“I returned to the LSE this September to pursue my Master’s in Sociology somewhat excited to throw myself back into the topics that interest me. I write this as I sit in a caff near my East London home. News coverage of COP26 plays on the television with the world’s politicians professing their supposed dedication to securing and preserving our future. I tune in and out of the coverage as I get on with my studies. The thought of the future continues to plague me.
Whether fearing climate change or our government’s dedication to making life worse for young people or employment prospects or the ongoing persistence of intertwined systems of oppression; many of us are incredibly aware of the future. For me, studying sociology has in many ways produced my fears. As an aspiring Sociologist, this master’s is fundamental to my career development and because of that it is terrifying. It represents my whole future. As a Black working class woman, my possible success or failure in the field dictates my economic stability and freedom. The burden of success weighs heavy on my mind. Every reading, class and essay is of such immense importance that it overwhelms me. This burden marginalised students bear is perhaps unsurprising to those of us in the field of sociology. A significant number of sociologists have studied this in a multitude of ways. Universities at least claim to be trying to help these students but lost in this is how the very content we study impacts us.
It is hard enough dealing with the burden of success and fear of the future. But I also spend much of my time learning about the seemingly countless reasons why I have no chance of succeeding. When I first began studying sociology at A-Level I learnt about various class and ethnic differences in life chances. I then furthered my study of sociology at the LSE where my knowledge of capitalism, patriarchy and racism became more complex. Every day was a new lesson in the stifling nature of our world and the evils that fill it. Every day it became harder and harder to have any hope at all when all I could see was a thousand reasons why nothing would change. This process only continues as I proceed with my studies today and is further complicated when we situate sociology itself within these systems of oppression. In my three years LSE I have not been taught by a single Black academic and I am currently one of two Black students on my course. One would have to be wilfully ignorant to be unaware of the persistent dominance of white voices in the field. Paradoxically, I spend my time trying to be successful whilst constantly learning why I am not only unlikely to do so, but also about the problems of what success under capitalism represents. In many ways, engagement with an academy heavily rooted in colonialism and increasingly neoliberal serves to reify those systems of oppression that harm me. At the same time, my studies teach me so much about these processes and put me in a position to contribute to possible solutions.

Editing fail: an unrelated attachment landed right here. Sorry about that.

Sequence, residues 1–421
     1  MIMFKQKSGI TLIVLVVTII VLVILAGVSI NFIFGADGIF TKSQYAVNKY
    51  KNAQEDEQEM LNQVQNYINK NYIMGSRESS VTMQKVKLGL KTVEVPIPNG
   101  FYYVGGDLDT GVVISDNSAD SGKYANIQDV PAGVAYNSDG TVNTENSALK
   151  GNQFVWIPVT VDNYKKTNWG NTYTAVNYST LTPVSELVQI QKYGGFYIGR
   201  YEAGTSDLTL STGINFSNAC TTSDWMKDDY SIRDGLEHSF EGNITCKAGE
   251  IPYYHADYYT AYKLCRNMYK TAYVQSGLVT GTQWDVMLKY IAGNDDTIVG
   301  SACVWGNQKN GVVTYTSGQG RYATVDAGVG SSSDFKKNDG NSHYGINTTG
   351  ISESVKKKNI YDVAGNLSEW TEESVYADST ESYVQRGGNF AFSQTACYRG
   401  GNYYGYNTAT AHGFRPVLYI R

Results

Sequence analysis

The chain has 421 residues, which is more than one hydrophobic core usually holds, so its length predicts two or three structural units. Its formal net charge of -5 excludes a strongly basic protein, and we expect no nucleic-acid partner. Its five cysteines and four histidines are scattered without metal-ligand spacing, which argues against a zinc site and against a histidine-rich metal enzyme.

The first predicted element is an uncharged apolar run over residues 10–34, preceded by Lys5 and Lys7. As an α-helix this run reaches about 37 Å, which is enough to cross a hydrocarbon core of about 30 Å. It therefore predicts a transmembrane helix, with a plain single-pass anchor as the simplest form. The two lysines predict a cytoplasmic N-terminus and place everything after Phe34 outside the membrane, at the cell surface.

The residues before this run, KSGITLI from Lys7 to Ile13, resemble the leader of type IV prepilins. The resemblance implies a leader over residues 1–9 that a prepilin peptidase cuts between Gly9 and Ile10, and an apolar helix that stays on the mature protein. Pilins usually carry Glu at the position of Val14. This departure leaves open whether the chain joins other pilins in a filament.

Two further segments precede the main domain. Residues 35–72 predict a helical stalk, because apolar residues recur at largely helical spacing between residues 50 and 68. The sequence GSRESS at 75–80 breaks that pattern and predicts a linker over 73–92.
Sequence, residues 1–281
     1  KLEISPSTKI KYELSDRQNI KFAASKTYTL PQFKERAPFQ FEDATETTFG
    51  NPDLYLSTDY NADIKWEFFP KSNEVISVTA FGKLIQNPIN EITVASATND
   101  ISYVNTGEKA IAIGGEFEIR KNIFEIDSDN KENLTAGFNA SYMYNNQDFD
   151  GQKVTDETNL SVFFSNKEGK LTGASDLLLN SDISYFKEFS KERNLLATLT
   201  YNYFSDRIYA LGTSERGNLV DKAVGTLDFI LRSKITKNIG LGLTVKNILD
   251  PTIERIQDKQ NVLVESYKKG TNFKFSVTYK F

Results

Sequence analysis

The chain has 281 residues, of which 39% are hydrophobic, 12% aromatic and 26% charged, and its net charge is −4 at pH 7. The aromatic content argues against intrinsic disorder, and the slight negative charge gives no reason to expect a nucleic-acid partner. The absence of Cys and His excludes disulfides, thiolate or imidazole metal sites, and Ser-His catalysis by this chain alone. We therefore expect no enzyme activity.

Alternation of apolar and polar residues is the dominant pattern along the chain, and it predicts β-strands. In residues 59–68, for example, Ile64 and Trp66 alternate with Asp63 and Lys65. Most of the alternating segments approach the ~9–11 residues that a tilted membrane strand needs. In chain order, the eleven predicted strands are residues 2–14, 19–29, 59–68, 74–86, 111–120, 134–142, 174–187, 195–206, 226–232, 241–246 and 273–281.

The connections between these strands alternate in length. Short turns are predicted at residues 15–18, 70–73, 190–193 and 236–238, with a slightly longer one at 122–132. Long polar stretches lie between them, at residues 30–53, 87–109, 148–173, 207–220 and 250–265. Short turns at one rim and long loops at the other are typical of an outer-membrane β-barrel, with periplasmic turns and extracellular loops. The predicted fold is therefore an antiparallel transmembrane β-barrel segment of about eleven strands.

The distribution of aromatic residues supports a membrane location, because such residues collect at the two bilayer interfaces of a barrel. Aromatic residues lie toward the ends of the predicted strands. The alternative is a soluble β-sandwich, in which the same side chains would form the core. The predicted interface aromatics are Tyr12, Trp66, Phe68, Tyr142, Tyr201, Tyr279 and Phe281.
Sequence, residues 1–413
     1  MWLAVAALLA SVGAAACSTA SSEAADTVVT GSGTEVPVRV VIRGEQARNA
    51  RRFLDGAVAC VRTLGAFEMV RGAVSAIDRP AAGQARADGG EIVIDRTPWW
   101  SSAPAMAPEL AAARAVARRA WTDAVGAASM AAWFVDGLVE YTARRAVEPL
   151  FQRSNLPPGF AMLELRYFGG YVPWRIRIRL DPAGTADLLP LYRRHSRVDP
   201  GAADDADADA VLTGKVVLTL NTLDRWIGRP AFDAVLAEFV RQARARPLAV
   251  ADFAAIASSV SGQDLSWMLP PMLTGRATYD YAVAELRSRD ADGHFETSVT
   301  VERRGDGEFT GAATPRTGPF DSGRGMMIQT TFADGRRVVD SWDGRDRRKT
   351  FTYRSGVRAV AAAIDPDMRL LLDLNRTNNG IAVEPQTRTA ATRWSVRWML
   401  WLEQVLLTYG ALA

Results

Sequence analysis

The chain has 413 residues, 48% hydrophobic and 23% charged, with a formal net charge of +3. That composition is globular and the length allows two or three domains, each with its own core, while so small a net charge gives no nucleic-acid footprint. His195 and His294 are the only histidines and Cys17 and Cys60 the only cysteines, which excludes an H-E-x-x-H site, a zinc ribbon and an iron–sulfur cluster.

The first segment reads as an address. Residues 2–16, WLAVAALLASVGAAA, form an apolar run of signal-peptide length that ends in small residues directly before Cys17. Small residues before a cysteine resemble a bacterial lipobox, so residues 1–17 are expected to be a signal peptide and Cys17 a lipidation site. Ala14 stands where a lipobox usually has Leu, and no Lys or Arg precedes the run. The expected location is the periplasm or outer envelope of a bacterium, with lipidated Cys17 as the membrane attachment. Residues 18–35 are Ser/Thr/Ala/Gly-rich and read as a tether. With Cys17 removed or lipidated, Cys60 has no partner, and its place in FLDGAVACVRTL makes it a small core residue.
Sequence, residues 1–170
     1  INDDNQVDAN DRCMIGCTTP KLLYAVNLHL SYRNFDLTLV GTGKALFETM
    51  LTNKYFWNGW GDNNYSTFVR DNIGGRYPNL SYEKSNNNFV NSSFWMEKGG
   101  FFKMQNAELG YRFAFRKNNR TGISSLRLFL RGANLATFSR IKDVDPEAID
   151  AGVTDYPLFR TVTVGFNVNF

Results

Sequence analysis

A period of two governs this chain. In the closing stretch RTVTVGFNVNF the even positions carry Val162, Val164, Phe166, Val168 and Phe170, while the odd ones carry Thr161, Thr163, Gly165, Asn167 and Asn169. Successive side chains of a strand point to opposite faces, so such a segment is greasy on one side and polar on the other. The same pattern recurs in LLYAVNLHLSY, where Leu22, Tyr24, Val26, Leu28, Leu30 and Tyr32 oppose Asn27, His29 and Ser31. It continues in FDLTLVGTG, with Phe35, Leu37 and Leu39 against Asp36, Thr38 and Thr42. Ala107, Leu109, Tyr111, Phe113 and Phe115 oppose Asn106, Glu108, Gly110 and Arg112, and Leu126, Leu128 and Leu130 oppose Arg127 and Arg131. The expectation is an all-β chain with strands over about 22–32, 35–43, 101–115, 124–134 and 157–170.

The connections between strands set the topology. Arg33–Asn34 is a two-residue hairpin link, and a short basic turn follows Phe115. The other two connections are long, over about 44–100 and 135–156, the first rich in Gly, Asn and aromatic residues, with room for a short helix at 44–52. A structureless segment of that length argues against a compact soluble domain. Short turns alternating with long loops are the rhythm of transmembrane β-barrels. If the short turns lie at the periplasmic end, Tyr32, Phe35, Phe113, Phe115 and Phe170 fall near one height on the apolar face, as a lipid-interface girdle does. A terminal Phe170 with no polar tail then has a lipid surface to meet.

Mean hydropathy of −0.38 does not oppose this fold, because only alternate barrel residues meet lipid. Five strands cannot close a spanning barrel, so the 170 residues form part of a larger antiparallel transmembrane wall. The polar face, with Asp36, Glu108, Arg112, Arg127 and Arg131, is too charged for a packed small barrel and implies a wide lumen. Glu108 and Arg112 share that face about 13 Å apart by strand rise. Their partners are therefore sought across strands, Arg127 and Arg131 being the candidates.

To study sociology leaves me hyperaware of my own oppression. Every reading, essay and class is traumatic. This experience might be likened to Du Bois’ concept of double consciousness “this sense of always looking at one’s self through the eyes of others, of measuring one’s soul by the tape of the world that looks on in amused contempt and pity”. As a Black working class woman, I must spend so much of my time studying how the world sees me and attempt to reconcile that with my perception of self. It feels as though I am doomed to fulfil the failure that much of the work I read prophesises. My future entails a struggle to achieve in this field but why should I try to succeed or seek change when all the odds are against me? I do not believe that universities are aware of this trauma. If they were, perhaps we would not see such stark ethnic differences in attainment at the LSE. The effect of this trauma on Black students must be recognised and acknowledged not just through messages of equality, but in the way that we are assessed. The toll these studies have taken on me cannot be put into words. In lieu of proper support, the field will continue to miss out on the valuable contributions of budding Black thinkers, as minority students face levels of pressure that push us dangerously close to the edge.”
 Du Bois, W.E.B., 2007. The souls of Black folk, Oxford [England] ; New York: Oxford University Press. p.8.
Christiana Ajai-Thomas is a student on the MSc Sociology programme.